Stability, Survival, and Tolerability of an Auditory Osseointegrated Implant for Bone Conduction Hearing: Long-Term Follow-Up of a Randomized Controlled Trial
SourceOtology & Neurotology, 37, 8, (2016), pp. 1077-83
Article / Letter to editor
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Otology & Neurotology
SubjectRadboudumc 12: Sensory disorders DCMN: Donders Center for Medical Neuroscience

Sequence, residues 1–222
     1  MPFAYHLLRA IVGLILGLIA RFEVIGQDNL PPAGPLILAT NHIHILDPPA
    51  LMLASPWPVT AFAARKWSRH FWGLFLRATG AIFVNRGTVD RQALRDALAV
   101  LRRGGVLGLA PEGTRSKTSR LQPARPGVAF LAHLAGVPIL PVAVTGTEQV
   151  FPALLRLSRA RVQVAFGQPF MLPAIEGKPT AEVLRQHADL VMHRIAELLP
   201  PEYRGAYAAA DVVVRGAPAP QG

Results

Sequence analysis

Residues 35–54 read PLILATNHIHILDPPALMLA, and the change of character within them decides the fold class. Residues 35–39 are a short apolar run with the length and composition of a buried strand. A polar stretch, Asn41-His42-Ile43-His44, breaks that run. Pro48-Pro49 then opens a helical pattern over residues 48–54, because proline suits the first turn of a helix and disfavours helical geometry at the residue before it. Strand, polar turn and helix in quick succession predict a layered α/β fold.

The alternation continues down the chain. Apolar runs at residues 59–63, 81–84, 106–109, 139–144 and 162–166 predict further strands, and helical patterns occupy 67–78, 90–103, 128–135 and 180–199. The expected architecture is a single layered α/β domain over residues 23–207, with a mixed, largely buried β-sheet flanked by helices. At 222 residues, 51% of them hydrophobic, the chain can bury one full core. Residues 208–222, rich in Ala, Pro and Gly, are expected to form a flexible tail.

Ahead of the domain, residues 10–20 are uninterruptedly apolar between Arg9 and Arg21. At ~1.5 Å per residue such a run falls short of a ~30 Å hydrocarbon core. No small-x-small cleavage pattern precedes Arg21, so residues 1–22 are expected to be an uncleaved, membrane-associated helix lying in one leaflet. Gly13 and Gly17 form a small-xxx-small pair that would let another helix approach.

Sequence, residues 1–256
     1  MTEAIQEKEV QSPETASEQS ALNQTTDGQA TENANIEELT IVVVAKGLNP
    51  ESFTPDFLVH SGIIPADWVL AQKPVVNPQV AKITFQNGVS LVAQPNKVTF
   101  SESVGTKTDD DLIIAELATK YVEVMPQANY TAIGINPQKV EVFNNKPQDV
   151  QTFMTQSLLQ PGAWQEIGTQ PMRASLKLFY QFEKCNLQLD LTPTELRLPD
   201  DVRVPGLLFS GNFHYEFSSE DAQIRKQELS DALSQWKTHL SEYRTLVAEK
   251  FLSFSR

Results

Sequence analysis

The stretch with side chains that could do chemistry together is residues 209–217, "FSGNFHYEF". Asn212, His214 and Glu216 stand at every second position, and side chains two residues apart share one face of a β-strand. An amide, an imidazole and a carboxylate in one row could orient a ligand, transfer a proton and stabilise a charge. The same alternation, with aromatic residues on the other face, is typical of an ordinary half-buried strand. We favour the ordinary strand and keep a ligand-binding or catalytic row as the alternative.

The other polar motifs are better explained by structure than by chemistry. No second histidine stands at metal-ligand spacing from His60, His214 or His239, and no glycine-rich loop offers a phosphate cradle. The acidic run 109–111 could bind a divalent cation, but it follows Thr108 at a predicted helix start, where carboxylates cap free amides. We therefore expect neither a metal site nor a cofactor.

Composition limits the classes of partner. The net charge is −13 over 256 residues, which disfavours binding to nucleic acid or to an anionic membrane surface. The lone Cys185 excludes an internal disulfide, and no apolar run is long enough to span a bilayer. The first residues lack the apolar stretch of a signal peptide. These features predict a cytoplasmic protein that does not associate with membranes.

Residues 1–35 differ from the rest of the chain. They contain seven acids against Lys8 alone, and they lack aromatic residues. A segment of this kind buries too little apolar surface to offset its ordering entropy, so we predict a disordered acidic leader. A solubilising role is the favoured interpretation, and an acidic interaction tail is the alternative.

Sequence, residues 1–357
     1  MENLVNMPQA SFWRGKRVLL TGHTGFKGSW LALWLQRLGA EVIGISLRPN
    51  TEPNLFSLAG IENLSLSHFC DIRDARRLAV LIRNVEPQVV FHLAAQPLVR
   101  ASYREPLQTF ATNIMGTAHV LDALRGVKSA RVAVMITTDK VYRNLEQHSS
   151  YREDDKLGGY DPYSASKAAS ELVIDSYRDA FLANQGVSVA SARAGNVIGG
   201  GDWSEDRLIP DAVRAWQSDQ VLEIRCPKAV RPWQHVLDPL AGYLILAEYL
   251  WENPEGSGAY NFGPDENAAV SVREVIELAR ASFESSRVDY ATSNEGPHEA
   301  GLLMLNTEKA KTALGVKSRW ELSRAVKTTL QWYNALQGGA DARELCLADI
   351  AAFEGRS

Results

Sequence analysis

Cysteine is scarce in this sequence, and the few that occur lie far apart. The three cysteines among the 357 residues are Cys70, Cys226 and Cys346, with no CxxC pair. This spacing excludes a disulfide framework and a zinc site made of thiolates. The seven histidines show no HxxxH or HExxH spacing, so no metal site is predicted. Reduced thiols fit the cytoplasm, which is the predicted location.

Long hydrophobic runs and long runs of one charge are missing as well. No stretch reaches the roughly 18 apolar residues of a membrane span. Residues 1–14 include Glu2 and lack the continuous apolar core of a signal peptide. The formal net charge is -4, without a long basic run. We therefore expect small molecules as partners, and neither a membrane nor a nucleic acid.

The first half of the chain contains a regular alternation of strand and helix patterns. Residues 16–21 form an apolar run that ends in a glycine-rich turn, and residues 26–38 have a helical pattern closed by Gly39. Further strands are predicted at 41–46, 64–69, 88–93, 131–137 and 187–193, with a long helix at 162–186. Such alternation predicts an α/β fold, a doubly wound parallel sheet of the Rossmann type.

OBJECTIVE: To compare implant stability, survival, and soft tissue reactions for a novel (test) and previous generation (control) percutaneous auditory osseointegrated implant for bone conduction hearing at long-term follow-up of 5 years. STUDY DESIGN: Single follow-up visit of a previously completed multicenter, randomized, controlled trial. PATIENTS: Fifty-seven of the 77 participants of a completed randomized controlled trial on a new auditory osseointegrated implant underwent a single follow-up visit 5 years after implantation, which comprised implant stability measurements and collection of Holgers scores. Additionally, implant survival was recorded for all 77 patients from the original trial. RESULTS: The test implant showed significantly higher implant stability quotient (ISQ) values compared with the control implant throughout the 5-year follow-up. Mean area under the curve of ISQ high from baseline to 5 years was 71.6 (standard deviation [SD] +/-2.0) and 66.7 (SD +/-3.4) for the test and control implant, respectively (p < 0.0001). For both implants, the mean ISQ value recorded at 5 years was higher compared with implantation (test group +2.03 [SD +/-2.55, within group p < 0.0001] and control group +2.25 [SD +/-4.95, within group p = 0.12]). No difference was noticed in increase from baseline between groups (p = 0.64). Furthermore, evaluation of soft tissue reactions continued to show superiority of the test implant. At the 5-year follow-up visit, one patient (2.5%) presented with a Holgers grade 2 in the test group, compared with four patients (23.5%) in the control group (p = 0.048); no patient presented with more severe soft tissue reactions. Excluding explantations, the survival rate was 95.8% for the test group and 95.0% for the control group. The corresponding rates including explantations were 93.9 and 90.0%. CONCLUSION: The test implant showed superiority in terms of higher mean ISQ values and less adverse soft tissue reactions, both at the single 5-year follow-up visit and during the complete follow-up. In addition, both implants showed an equally high implant survival.
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